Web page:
If You Don’t Own It, You Don’t Deserve To Own It.

As Murt Mac Garraidhe wrote in his book, Strangers at Home, the early Irish considered the Christian idea of man having dominion over the beasts of the earth, the fishes of the sea, and the birds of the air, an arrogant lunacy. So too was the Christian assertion that animals had no souls. Any notion of dominion over a soulless Earth was even more ludicrous. For Éire, the land we know today as Ireland, has both soul and sovereignty.
Lough MacNeanMurt’s words echo those of Chief Sealth in his famous letter to President Pierce as his people were being forced off their ancestral land. How can you buy or sell the sky, the warmth of the land? The idea is strange to us. For this land is sacred to us. Owning the land was unthinkable. However for both Chief Sealth’s people and the Irish, this sacred world view would prove fatal.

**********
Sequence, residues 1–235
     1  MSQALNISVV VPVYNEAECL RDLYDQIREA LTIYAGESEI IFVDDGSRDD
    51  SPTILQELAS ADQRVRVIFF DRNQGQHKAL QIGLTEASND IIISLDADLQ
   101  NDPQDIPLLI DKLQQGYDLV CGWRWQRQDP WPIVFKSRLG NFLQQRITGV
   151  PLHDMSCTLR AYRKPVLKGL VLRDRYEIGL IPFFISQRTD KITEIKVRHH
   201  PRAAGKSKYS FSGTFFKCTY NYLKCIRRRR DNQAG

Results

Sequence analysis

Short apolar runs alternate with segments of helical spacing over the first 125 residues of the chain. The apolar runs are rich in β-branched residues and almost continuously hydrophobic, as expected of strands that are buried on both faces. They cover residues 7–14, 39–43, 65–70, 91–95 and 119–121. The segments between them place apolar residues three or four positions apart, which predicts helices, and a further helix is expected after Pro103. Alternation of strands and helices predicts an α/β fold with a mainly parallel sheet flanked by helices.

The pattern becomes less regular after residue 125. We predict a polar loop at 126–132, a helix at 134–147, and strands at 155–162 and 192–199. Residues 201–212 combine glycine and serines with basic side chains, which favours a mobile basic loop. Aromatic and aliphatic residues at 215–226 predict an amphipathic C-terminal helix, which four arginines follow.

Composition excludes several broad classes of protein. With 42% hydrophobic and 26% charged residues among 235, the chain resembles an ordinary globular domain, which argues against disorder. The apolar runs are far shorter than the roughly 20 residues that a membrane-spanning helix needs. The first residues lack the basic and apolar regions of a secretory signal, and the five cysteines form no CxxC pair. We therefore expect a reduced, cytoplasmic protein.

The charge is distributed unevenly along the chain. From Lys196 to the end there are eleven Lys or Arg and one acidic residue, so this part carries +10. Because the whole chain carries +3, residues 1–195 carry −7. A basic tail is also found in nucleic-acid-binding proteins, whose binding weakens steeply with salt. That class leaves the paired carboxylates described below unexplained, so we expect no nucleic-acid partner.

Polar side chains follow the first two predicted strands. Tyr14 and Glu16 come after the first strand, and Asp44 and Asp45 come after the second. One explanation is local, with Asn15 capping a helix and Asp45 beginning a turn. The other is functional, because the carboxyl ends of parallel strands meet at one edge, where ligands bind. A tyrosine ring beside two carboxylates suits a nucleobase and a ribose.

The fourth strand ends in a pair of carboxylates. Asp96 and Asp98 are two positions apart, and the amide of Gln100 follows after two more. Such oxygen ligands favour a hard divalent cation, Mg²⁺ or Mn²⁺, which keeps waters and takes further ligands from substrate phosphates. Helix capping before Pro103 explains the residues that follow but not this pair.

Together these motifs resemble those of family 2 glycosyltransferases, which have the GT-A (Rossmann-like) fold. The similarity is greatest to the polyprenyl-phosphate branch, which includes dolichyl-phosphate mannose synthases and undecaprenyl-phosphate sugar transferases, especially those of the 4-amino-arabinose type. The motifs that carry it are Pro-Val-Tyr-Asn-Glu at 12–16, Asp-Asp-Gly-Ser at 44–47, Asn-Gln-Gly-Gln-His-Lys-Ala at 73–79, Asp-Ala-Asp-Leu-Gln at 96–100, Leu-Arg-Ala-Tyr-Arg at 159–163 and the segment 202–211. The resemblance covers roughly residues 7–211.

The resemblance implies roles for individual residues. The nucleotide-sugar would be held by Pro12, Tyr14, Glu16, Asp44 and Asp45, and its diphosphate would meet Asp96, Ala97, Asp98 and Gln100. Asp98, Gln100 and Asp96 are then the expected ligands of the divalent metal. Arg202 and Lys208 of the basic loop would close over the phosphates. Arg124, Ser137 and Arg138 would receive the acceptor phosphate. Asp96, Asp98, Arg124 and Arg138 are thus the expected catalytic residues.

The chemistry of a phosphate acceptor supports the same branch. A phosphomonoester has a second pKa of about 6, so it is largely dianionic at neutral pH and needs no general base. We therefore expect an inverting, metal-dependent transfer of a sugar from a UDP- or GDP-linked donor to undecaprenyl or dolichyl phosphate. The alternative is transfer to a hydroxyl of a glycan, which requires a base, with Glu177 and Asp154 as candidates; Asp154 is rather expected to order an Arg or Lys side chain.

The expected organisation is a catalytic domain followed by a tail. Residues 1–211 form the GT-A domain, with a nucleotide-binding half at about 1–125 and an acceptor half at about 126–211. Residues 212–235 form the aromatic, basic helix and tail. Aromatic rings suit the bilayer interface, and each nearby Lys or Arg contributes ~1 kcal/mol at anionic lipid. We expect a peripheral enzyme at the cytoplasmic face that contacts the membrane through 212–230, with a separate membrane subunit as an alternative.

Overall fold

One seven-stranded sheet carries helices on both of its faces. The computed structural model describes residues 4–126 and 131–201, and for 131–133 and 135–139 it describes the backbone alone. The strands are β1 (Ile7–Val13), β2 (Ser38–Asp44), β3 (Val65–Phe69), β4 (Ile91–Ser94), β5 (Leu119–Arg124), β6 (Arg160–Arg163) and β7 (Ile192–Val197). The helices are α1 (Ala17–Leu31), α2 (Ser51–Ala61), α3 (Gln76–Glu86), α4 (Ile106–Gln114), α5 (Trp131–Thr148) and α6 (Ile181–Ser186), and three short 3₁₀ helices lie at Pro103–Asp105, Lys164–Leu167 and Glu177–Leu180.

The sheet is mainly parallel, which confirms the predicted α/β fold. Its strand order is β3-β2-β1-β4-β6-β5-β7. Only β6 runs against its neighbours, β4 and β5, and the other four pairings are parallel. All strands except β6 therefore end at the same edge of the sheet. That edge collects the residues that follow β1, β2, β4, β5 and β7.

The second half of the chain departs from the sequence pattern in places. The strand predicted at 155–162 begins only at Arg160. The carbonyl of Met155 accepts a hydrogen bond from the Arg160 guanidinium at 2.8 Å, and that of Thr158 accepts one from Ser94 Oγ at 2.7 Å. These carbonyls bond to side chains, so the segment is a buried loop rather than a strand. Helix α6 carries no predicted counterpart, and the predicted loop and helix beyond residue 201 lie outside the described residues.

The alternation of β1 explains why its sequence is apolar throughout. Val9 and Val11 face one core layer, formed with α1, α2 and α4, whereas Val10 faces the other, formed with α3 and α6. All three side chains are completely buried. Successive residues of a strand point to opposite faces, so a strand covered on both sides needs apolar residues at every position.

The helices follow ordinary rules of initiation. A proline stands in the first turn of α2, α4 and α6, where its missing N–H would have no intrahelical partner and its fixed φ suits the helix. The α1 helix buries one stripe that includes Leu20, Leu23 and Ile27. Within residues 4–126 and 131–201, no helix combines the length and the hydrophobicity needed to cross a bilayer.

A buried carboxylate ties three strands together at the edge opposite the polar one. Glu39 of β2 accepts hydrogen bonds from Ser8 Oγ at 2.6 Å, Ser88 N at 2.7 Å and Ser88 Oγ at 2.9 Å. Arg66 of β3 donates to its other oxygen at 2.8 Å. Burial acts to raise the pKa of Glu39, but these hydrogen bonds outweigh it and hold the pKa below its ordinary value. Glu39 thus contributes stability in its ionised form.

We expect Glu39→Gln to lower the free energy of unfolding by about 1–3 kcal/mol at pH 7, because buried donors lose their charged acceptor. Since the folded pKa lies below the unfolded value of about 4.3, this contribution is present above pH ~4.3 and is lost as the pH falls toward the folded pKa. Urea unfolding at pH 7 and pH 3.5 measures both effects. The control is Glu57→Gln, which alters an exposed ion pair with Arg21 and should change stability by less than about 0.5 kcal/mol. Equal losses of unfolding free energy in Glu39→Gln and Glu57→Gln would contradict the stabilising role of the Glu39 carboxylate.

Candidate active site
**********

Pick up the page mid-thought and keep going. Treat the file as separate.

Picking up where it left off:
When the English arrived in Ireland they were surprised and ultimately pleased to find a culture of scattered tribes living in a reciprocal and balanced relationship with a wild, untamed land. Murt sums it well. The new invaders found Éire an inhospitable wilderness and tended to regard the Gaeil as primitive savages who failed to ‘progress’ as others had and who knew nothing of agriculture. To them, the Gaeil were throwbacks to a past that had long since disappeared in much of northern Europe: they were like some wandering nomadic tribe that had escaped from the books of the Old Testament, and were obviously not meant to be in possession of such a fine land. 

Basically, if the Irish didn’t consider themselves owners of the land they didn’t deserve to own it. If they weren’t exploiting the landscape and its resources they didn’t deserve the landscape and its resources. The English were happy to take the land off their hands. And they did, by slaughter, starvation and deportation. As Murt wrote, their commercially oriented society, and the ways in which they exploited the landscape and its resources to support themselves, were to have a profound effect on the ecology of Éire, the legacy of which we are living today. I would argue not only the ecology but also the spirit and soul of Éire and her people.

Boulder. How Irish Of You.